Vibration Control of a Floating Raft System by Synchrophasing of Electrical Machines: An Experimental Study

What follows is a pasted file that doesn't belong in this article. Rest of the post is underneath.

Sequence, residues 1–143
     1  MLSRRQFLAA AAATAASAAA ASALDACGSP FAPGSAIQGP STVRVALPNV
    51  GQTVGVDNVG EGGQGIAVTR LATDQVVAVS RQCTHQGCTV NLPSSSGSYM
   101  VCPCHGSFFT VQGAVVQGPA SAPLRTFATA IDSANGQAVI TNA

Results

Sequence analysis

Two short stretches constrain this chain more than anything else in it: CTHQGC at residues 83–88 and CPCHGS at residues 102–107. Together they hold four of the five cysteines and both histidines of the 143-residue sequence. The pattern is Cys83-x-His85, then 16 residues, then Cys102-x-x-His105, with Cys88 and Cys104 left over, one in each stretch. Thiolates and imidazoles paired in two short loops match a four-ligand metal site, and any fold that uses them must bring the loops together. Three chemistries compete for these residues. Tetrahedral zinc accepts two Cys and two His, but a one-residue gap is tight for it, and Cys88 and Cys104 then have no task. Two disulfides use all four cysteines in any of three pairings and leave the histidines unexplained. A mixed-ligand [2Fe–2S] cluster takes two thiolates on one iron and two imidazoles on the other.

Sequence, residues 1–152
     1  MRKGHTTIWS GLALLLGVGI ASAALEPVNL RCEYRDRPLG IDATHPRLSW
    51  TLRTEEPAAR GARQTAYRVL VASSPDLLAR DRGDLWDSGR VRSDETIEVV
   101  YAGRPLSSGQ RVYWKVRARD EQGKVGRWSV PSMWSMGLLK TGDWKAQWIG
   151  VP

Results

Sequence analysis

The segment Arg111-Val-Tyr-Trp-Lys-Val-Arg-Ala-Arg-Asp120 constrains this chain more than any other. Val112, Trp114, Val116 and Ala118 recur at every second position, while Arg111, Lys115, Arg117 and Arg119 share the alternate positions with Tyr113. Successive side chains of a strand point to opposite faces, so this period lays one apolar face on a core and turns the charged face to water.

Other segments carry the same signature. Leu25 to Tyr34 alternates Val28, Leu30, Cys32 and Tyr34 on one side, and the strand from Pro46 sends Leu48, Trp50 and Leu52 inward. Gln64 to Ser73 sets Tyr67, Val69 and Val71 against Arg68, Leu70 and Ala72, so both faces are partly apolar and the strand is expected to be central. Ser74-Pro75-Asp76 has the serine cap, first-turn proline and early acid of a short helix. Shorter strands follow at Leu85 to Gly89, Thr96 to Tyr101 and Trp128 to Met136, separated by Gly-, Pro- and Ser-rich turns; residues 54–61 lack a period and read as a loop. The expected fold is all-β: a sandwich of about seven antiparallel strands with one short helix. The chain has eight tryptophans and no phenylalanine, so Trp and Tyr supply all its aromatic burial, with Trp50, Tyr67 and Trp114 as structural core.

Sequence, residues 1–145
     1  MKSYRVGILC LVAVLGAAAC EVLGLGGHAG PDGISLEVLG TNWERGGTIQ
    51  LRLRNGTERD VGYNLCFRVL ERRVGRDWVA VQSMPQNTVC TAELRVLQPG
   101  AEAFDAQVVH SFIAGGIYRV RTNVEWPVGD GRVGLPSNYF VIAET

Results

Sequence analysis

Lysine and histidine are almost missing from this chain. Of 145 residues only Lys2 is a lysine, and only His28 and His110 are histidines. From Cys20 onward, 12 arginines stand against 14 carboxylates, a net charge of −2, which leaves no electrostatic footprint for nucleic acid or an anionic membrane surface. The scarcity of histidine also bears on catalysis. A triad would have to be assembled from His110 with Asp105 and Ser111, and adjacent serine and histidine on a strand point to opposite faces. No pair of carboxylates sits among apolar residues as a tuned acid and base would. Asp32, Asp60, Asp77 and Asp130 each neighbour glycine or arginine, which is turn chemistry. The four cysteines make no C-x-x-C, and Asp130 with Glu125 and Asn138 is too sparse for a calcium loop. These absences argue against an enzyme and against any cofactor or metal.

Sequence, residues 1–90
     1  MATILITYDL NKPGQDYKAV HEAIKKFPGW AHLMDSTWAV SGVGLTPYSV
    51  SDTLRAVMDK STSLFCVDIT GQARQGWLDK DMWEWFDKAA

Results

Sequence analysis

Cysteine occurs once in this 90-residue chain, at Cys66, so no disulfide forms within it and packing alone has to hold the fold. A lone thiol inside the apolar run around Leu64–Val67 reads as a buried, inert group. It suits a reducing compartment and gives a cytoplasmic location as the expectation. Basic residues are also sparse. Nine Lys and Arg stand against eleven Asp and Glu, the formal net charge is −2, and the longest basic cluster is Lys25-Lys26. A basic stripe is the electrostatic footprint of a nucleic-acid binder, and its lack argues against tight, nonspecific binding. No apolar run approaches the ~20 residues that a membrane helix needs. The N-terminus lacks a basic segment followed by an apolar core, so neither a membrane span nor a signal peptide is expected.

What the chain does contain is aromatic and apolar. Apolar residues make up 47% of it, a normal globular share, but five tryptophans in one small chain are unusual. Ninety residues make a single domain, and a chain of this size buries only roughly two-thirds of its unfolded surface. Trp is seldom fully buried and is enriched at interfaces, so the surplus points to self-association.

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This paper describes an experimental investigation into the vibration control of multiple electrical machines installed on a large-scale floating raft system. Vibration transmission to a flexible hull-like structure that supports the floating raft is controlled by adjusting the phases of the electrical power supply to the machines - a technique known as synchrophasing. Each machine is driven by a phase asynchronous motor and has two counter rotating shafts with adjustable eccentric masses, which allows the dynamic force generated by each machine to be set independently. Up to four rotating machines are considered. A genetic algorithm is used in the search for the optimum relative phases between each machine, because it is impractical to carry out an exhaustive search of the huge number of possible phase combinations. It is demonstrated that vibration control using synchrophasing is feasible in a marine environment, and can achieve significant vibration reduction, by simply adding some sensors and a control system. Reduction in the total transmitted vibration, as measured by the sum of the squared accelerations from 22 error sensors on the hull-like structure, was found to be up to 13 dB, and vibration reduction at higher harmonic frequencies was found to be up to 51 dB.